By Michael Betzold
Motor City Muckraker
On Saturday I was kicked out of Eastern Market for trying to get signatures on “Recall Snyder” petitions.
Though I had done the same activity in previous weeks at the same outdoor spot between the covered sheds and was complying with the previous instructions of market security not to impede the flow of shoppers, I was told within an hour of beginning my efforts that the rules had changed.
For this weekend and next, security personnel told me, the rules were different because of the greater volume of people expected for Mother’s Day weekend and for the annual Flower Day on Sunday, May 15. I was told I could solicit signatures somewhere on the sidewalk on Russell – where there is about a hundredth of the number of passers-by.
This frankly infuriated me.
On the same day, the city announced it’s awarding billionaire Dan Gilbert federally subsidized land at the Eastern Market for a private housing project.
These two weekends are among only three that remain in the 60-day period that we have to gather hundreds of thousands of signatures statewide to get a proposal to recall Snyder on the ballot. And the crowds are exactly why I wanted to be there at the market. But oops, suddenly the rules were changed.
The recall is a gargantuan uphill effort. Last year, the Republican-controlled legislature passed new rules specifying that each city, township, or village has to have its own separate petition sheet, rather than voters in each county being able to share the same page. You can only imagine how much more difficult this makes our task. I carry my own folding file holding the 100 or more sheets that correspond to all the municipalities people at gathering places in metropolitan Detroit are registered to vote in.
Despite this logistical nightmare, people are eager to sign the recall petition. I have done this type of work for other political purposes, and the positive response rate for this petition is many times greater than any other cause I’ve ever worked on. It’s easy to get people to sign, but you have to get to them – and the Legislature has also raised the number of signatures needed to reach a nearly impossible target. Nonetheless, I think it’s worth doing. I think it’s important for the people of Michigan to have a way to demonstrate their outrage over what Snyder has wrought.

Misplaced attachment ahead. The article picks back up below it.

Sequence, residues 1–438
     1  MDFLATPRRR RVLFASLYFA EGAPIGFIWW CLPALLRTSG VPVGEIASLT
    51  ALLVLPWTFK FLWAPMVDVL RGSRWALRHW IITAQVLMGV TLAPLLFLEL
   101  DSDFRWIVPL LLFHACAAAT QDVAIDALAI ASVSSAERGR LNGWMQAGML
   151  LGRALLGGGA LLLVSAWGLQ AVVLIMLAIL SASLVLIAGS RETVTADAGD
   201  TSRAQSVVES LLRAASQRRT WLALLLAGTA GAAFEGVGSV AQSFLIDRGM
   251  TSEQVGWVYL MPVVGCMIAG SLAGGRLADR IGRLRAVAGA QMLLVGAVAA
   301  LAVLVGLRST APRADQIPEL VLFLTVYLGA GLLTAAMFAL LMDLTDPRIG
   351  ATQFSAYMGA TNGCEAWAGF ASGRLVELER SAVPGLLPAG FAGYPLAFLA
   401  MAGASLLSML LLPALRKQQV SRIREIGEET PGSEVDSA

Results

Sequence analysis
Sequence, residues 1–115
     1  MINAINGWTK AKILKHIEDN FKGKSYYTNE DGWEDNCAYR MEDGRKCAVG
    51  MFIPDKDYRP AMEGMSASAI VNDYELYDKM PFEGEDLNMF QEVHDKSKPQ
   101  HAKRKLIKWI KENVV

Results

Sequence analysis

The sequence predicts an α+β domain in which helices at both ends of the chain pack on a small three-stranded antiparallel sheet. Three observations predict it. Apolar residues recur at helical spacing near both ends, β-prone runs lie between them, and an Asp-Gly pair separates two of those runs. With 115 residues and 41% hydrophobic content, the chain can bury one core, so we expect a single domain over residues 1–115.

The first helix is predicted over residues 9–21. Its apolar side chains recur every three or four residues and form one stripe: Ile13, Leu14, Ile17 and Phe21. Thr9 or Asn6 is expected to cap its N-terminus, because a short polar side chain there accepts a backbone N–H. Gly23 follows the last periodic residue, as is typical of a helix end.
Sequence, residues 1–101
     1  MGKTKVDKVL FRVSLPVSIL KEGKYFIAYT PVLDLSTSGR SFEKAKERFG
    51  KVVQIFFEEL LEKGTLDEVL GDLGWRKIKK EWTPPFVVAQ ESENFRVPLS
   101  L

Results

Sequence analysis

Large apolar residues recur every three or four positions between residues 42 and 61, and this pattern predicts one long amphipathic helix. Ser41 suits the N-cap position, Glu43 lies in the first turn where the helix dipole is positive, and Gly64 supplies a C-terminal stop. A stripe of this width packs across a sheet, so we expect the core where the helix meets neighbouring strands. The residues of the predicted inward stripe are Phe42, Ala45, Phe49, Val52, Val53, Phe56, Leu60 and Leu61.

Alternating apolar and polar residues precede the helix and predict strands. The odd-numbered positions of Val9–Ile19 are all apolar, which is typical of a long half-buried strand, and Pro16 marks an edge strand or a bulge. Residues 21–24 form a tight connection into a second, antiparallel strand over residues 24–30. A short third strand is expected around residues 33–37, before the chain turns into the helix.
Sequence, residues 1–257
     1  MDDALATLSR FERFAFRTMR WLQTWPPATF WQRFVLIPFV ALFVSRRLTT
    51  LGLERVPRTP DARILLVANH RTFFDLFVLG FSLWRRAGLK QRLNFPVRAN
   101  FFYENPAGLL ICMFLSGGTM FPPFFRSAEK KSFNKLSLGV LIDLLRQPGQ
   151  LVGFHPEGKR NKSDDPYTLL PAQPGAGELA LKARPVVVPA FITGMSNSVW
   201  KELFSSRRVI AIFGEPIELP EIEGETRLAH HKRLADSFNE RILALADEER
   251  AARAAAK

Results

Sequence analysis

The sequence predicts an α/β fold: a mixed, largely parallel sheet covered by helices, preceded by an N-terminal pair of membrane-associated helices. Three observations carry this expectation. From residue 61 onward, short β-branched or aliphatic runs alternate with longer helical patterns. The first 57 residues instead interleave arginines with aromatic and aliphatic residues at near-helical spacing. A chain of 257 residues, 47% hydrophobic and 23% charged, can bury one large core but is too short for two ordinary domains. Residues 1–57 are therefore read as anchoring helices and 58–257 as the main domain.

But what happened to me at Eastern Market fits right in with what the new business-first politics has done to this state and this city. The previous day I had to leave a sidewalk outside of a Secretary of State office because that office – a government facility – was located in a privately owned small shopping center on Mack. And at Eastern Market I learned that our great meeting place for people, food, flowers, and crafts doesn’t belong to the citizens of Detroit and Michigan. It’s also run by a private corporation, as Chief Operating Officer Emma Velasco explained to me after she was summoned to help security guards persuade me to leave. She also had bogus arguments about public safety and big crowds threatened by an old man with a clipboard offering market customers a service they’re eager to have. She also said the recall campaign can’t buy any space to set up a table, though “community groups” like the Girl Scouts can. Cookies before democracy, you see.
I’m somewhat embarrassed to admit Velasco and her security team turned me into a raving lunatic shouting about how I was being deprived of my constitutional rights to free speech and to petition fellow citizens to redress my grievances. In a city where the most precious and beautiful – dare I say sacred? – piece of public land has been turned into a seasonal Grand Prix race track under state government control, it’s clear to me that the public isn’t going to have any public space much longer. It’s all being sold off to private interests so that corporations can exercise money – their own free speech.
I’ll be at the market next weekend somewhere, even if it’s on a public sidewalk. That is, unless someone purchases the sidewalk by then. And I’ll be back between the sheds again on the 21st – unless by some unimaginable coincidence the rules happen to change once again without notice. You never know, because democracy is on sale these days. It’s a hot item. Its increasing scarcity adds a lot to its value.
Michael Betzold is a former Free Press reporter and longtime area freelance journalist. He wrote Queen of Diamonds, a history of Tiger Stadium. He lives on Detroit’s east side.